Daring design is the norm at Geneva show
GENEVA -- Automakers are looking for a healthier European market this year, and their new products reflect the confidence. Bullish concepts and daring design ideas are the norm at the Geneva auto show this year, and the show floor is crowded with clear hits and just a few misses.
HIT: Mercedes-Benz S-class coupe
The Mercedes S coupe is a gorgeous new expression of luxury, and it's loaded with delightful new technology -- including a concept Daimler calls "Magic Body Control," which allows the big car to tilt around corners. When Daimler Chairman Dieter Zetsche referred to the coupe in Geneva as "the most beautiful S class of all time," he was saying what everyone else at the show was thinking.
Opel Adam Rocks
HIT: Opel Adam Rocks
Opel's non-U.S. mini-cross-over Adam Rocks is a glimpse of what having fun in the car business looks like. The name might be a bit clumsy for U.S. tastes, but the Adam Rocks is a party-colored, small-but-beefy crossover with an electrically controlled soft top, powered by a new three-cylinder 1.0-liter direct-injection engine and a six-speed manual. Nothing about this General Motors car would work in America. But it's easy to at least imagine European consumers zipping around city streets having fun.
HIT: Jeep Renegade
The answer to the question: "What would the all-American Jeep look like reborn as an Italian?" It's the Renegade, a stylish subcompact SUV that Fiat will build for Jeep in Melfi, Italy. More important for the automaker, it is a 4x4 designed and built to appeal to urban markets around the world.
MISS: Audi TT
The third-generation redesign of the Audi two-door sports car plays it a bit safe, keeping the car as TT fans like it. Audi did everything right, making it more powerful, a few pounds lighter, a pinch roomier and giving the headlights a crisper look. But it was a missed opportunity to reassert what the TT originally was: a brash statement of a sports car. The car's outline has been smoothed out by a few degrees. But in a new era of performance car enthusiasm, the TT deserves a little more flash.
HIT: Peugeot 108
Leave it to the French to find a way to make the incoming wave of A-segment minicars more fashionable. The new 108 from Peugeot has a neatly trimmed outline that makes it look dignified and sporty enough. But around back, the car's shapely taillights protrude in a nice touch of colorful styling, like a jaunty scarf on a French businessman.
HIT: Tata Nexon concept
This compact SUV concept shows how an Indian manufacturer associated primarily with low-cost vehicles for emerging markets is using design to broaden its identity. The Nexon's mesh grille and white-glass headlights give it a rich feel. But the full-length sunroof is the real attention-getter. The sky-view panel advances the car into a wider world, where consumers are actually enjoying their drive.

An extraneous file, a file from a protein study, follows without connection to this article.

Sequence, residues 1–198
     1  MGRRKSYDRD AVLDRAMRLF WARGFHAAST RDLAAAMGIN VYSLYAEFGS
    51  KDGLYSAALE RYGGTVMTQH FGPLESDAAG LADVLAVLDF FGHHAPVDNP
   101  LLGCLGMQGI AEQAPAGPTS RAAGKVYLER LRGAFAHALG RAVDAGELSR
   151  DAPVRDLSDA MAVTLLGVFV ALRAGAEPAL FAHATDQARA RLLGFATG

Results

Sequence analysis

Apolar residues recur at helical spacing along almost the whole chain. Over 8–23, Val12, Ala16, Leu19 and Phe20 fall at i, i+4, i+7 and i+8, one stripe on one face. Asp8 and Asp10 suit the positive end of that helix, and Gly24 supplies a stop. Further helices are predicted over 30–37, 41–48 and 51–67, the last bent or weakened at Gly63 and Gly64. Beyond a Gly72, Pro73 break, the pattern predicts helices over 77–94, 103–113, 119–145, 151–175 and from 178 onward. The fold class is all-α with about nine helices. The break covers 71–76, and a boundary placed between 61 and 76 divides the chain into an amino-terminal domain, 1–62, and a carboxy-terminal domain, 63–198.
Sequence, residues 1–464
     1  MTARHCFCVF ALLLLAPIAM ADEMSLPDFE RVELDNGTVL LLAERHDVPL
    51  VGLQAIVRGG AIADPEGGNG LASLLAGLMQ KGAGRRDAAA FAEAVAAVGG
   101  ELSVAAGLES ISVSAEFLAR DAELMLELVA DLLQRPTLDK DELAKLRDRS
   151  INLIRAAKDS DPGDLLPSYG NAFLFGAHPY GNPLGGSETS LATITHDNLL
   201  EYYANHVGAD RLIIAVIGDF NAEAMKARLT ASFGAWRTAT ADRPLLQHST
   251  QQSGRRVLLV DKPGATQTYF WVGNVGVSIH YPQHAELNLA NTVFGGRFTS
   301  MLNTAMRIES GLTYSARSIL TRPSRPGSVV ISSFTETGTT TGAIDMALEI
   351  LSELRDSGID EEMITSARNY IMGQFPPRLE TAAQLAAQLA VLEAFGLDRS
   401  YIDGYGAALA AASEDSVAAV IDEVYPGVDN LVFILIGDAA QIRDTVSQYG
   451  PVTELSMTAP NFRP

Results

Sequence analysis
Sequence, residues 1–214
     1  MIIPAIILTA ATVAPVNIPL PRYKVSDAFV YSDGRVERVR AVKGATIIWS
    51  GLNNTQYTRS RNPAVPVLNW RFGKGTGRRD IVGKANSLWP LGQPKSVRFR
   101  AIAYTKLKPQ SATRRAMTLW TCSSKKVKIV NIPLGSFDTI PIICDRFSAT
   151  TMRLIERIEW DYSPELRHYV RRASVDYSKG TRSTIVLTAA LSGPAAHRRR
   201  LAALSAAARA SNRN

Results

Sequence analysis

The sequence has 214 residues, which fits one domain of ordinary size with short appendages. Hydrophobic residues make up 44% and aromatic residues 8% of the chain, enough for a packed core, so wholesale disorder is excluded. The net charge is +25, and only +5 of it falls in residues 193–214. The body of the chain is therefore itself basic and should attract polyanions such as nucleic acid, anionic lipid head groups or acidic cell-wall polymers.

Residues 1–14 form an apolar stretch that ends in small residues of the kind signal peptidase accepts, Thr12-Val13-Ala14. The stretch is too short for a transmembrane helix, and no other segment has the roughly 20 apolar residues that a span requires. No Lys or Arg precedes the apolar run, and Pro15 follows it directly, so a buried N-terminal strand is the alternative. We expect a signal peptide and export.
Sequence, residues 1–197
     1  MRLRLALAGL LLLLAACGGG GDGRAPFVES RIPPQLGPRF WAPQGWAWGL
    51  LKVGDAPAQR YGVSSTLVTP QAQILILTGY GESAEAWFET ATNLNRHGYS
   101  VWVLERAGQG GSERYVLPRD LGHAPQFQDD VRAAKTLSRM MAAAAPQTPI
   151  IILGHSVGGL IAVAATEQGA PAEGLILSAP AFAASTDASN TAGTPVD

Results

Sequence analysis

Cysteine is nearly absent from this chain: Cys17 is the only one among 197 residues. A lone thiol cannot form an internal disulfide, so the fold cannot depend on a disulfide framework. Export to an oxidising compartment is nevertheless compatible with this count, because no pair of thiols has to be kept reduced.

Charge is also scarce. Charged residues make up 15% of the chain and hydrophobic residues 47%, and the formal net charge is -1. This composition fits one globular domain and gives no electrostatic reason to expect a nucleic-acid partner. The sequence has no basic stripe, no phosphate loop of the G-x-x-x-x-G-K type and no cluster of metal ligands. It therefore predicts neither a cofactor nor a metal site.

MISS: BMW 2-series Active Tourer
Does BMW ever really do anything wrong? The 2-series Active Tourer unveiled in Geneva is already taking heat from the auto enthusiast world for bringing BMW into what Europeans refer to as the MPV segment of people haulers. The Active Tourer is a decent enough five-door small car. It is more of a high-roofed wagon than anything else. But what misses the mark is not so much BMW's daring to take on a new segment; it's the car's styling. It is unusually sedate, and calls to mind a Toyota Matrix.
HIT: Hyundai Intrado
The future-concept Intrado crossover signals Hyundai's thinking about a sleek and lightweight fuel-cell vehicle. But considering Hyundai's lack of specifics about the technology, it is reasonable to suspect that with the Intrado, Hyundai is simply raising the curtain on its new global design chief, Peter Schreyer. The Intrado is the first concept to come from the former Audi designer's mission overseeing the Hyundai group. And it is a bold and fearless piece of styling. The car almost seems to stretch as though moving at light speed. Schreyer has managed to blend elegance and muscularity into a roomy crossover.
HIT: Magna Steyr Mila Blue
The Mila Blue concept is third-party coachbuilder Magna Steyr's demonstration of how to produce a small car that weighs just 1,477 pounds. But what's notable is how the company proposes to do it: with cardboard. The vehicle's shell is fortified by lightweight recycled paper -- cardboard -- rather than metal. Chief designer Andreas Wolfsgruber assures that the innovative structural inner material meets all crash standards and is inexpensive to manufacture. "To create a lightweight A-segment car is simple," Wolfsgruber says. "You make it out of carbon fiber. But then no one could afford it. This is a more economical solution."
MISS: Toyota Aygo
The interior of Toyota's new A-segment Aygo is spot-on for consumers in this emerging small-car segment. It communicates a sense of durability and substantial-ness with a creative mix of colors. But the shape of the Aygo, with its rear door nearly touching the back hatch, reveals the design challenge that automakers are going to face in the A segment. It's going to be hard to make pint-sized cars attractive. The Aygo embodies the saying that "beauty is within."
You can reach Lindsay Chappell at firstname.lastname@example.org.